The Sacred Town of Sankhu: The Anthropology of Newar Ritual, Religion and Society in Nepal

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Cambridge Scholars Publishing, Mar 15, 2012 - Performing Arts - 635 pages
This book presents a detailed view of Newar society and culture, and its socio-economic, socio-religious and ritual aspects, concentrating on the Newar town of Sankhu in the Valley of Nepal. The foundation of the town of Sankhu is attributed to the goddess Vajrayoginī, venerated by both Buddhists and Hindus in Nepal and beyond. Myths, history, and topographical details of the town and the sanctuary of the goddess Vajrayoginī and her cult are discussed on the basis of published sources, unpublished chronicles, and inscriptions.

The book deals with the relation between Hinduism and Buddhism, with the interrelations between the Newar castes (jāt), caste-bound associations (sī guthi), and above all with the numerous socio-religious associations (guthi) that uphold ritual life of the Newars. All major and minor Newar feasts, festivals, dances, fasts and processions of gods and goddesses are discussed.

 

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Contents

CHAPTER ONE
1
CHAPTER TWO
13
CHAPTER THREE
21
CHAPTER FOUR
42
CHAPTER FIVE
61
APPENDIX TO CHAPTER FIVE
102
CHAPTER SIX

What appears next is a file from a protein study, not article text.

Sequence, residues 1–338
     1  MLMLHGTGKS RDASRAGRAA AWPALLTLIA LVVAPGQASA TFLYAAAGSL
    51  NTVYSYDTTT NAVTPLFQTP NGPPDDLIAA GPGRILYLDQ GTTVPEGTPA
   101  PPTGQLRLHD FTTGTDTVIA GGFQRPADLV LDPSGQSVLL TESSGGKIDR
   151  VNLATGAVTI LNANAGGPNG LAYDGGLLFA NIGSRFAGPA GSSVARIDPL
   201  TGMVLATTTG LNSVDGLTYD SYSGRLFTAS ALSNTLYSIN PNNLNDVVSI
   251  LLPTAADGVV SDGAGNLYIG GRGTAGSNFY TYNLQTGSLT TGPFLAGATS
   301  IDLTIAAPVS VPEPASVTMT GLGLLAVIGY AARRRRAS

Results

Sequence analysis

105
CHAPTER SEVEN
137
CHAPTER ELEVEN
328
CHAPTER TWELVE
343
CHAPTER THIRTEEN
390
APPENDIX TO CHAPTER THIRTEEN
444
CHAPTER FOURTEEN
446
CHAPTER FIFTEEN
507
CHAPTER SIXTEEN
523
NOTES
532

APPENDIX TO CHAPTER SEVEN
179
CHAPTER EIGHT
183
CHAPTER NINE
199
CHAPTER TEN
266
BIBLIOGRAPHY
555
GLOSSARY
580
INDEX
593
Copyright

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About the author (2012)

Dr Bal Gopal Shrestha is a Research Fellow at the Institute of Social and Cultural Anthropology (ISCA), and Associate with Wolfson College, University of Oxford, UK. He has been Visiting Fellow at the Department of History, University of Leiden, The Netherlands (2007–8). He was Researcher and Assistant Professor at the Faculty of Social Sciences, Leiden University, and taught Politics of South and Southeast Asia (2006–07). He was Postdoctoral Research Fellow at the Fondazione Centro Incontri Umani, Ascona, Switzerland (2004–6). The Museum of Archaeology and Anthropology, University of Cambridge, UK awarded him a Frederick Williamson Memorial Fund (2003). The University of Leiden awarded him a PhD fellowship (1996–2002). He made the award-winning ethnographic documentary Sacrifice of Serpents: The Festival of Indrayani, Kathmandu 1992/94 (Leiden, 1997) together with the late Van den Hoek and Dirk J. Nijland. In 1993 he joined the Centre for Nepal and Asian Studies, Tribhuvan University, Nepal as a lecturer. He has conducted fieldwork in Nepal and India, and has published widely on Nepalese religious rituals, Hinduism, Buddhism, ethnic nationalism, the Maoist movement, and political development in Nepal.

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